An example: for a given flight, you have 10 people willing to pay $100, 20 willing to pay $50, and 100 willing to pay $10. If I have an aircraft with 50 seats, I want to sell 10 $100 seats to all of the $100 people, 20 $50 seats to all of the $50 people, and 20 $10 seats to a subset of the $10 people. If I increase the size of the aircraft to 75 seats, I am simply selling the additional 25 seats at $10 each to more of the $10 people. This is was was meant on the JetBlue earnings call when they were talking about the below-average revenue associated with adding seats.

  5. I do understand the difference between the last passenger to buy a ticket and adding more seats to sell more of the “last seat” on the flight. But I also think that many miss the part where there are almost always “last seats” still for sale on many flights so simply adding more seats to be able to sell more of them isn’t rational math. That is a view which does get tossed around far too often and one which has diminishing returns. Mr. Hayes correctly called those out in a manner which I found quite illustrative and refreshing. Nothing more, nothing less.

    1. Indeed. It’s also important to remember that in RM, it is actually expected to end up with empty seats, since demand is probabilistic. Even if a high-fare passenger only shows up to buy that seat one time out of every three or four departures, it can still be more profitable to keep that seat empty, waiting for that high fare passenger to show up occasionally, than to sell it to somebody else for less money.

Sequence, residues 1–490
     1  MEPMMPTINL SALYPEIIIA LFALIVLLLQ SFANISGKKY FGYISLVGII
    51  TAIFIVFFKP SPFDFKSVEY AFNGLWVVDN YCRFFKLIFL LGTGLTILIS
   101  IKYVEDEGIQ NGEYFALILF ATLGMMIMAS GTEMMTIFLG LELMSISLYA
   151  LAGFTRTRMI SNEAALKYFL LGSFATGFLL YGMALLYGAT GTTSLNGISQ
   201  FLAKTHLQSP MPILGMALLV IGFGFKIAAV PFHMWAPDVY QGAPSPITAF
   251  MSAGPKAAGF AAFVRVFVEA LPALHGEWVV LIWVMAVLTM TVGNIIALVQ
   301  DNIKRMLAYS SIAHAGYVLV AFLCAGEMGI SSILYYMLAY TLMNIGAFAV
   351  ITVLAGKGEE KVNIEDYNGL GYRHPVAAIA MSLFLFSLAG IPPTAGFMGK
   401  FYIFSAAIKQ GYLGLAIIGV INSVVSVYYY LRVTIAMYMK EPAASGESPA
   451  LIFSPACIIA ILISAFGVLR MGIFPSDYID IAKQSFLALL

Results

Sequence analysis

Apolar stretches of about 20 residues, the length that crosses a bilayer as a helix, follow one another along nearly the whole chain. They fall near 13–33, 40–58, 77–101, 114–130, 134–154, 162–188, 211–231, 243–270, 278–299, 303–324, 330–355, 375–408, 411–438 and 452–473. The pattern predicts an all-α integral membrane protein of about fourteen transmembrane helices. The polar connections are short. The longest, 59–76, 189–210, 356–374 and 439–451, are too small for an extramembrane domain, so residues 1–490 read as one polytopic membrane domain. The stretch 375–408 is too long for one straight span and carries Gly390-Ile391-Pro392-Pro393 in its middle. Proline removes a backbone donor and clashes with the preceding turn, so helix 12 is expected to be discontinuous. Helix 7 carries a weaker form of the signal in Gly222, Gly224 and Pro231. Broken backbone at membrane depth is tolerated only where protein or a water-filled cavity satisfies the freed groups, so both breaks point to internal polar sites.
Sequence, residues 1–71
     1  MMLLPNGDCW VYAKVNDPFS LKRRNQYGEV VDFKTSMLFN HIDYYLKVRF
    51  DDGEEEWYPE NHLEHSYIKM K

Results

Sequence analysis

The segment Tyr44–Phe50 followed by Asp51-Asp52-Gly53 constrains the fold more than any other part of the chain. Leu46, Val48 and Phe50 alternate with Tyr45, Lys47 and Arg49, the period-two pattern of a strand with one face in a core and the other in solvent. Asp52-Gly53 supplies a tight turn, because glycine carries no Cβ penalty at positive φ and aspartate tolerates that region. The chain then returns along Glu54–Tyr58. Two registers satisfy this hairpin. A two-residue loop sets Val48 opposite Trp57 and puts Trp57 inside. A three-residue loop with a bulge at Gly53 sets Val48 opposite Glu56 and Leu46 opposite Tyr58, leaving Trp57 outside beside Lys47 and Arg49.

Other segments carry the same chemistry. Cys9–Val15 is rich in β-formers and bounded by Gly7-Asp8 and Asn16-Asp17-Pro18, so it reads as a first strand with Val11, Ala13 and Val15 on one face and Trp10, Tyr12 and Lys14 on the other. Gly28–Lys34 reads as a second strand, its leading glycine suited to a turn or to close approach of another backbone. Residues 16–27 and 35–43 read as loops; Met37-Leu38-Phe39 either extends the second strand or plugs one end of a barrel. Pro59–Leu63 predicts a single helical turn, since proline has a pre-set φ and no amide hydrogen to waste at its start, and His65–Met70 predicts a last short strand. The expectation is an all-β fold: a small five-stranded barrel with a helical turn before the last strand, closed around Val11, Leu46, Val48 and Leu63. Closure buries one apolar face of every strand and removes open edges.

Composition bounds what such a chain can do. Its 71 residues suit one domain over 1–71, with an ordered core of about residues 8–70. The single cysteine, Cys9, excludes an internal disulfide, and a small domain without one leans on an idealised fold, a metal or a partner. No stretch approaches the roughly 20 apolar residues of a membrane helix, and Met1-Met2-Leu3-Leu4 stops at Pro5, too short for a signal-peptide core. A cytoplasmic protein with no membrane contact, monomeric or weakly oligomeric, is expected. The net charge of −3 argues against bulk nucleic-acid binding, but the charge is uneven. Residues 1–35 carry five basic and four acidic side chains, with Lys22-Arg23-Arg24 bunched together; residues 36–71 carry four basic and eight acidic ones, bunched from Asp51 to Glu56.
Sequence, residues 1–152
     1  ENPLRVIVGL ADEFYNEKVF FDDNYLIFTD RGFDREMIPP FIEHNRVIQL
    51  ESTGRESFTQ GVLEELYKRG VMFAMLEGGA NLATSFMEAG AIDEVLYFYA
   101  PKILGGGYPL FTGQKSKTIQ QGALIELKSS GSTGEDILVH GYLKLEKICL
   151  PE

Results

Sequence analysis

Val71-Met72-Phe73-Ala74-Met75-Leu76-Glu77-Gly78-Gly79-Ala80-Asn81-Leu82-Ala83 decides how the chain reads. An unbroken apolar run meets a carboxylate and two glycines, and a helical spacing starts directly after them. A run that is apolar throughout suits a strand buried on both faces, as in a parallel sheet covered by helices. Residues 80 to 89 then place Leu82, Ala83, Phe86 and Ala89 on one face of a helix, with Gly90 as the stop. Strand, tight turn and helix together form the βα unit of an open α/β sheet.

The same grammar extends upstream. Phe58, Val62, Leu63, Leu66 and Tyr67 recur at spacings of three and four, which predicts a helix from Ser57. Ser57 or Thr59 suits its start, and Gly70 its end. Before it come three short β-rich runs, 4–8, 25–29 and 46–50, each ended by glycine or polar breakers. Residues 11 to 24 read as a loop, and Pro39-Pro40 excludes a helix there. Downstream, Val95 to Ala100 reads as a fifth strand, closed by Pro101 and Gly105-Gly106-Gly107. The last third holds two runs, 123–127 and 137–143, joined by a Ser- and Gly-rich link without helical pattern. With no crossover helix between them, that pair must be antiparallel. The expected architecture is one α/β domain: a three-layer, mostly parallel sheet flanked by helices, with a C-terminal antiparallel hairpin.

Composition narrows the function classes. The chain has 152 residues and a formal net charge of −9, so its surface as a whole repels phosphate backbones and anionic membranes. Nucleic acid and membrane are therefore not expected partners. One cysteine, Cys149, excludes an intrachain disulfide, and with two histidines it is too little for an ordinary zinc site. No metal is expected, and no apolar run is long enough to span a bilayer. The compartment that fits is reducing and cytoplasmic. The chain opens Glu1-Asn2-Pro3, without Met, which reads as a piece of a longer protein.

1. Or, depending on the market, for the carrier to oversell the flight knowing that getting that last-minute full-fare pax generates more $ than the cost of issuing voluntary (or invol) denied boarding compensation vouchers. I seem to recall that these vouchers “cost” (in actual $ terms to the carrier) only ~30% (?) of the certificate value — some of these pax don’t end up using the vouchers, some pax end up taking an additional trip they wouldn’t have taken otherwise and end up spending incremental $ to bring along friends/family, etc.

  6. Great post. I think your missing one other thing specific to JetBlue. They have a large customer base that exclusively seeks them out, or at least high priority. They aren’t a discounter anymore for sure. One reason is their seat pitch.. They are for sure the anti Spirit. With IFE being added anywhere, this is a huge differentiator and if JetBlue added a few more seats, for only a little extra money after stewardesses, the risk of damaging the brand may end up being a money loser. Requires overall brand value thinking rather than strict revenue management bean counting, which JetBlue has always been strong in (the former).

Comments are closed.

BoardingArea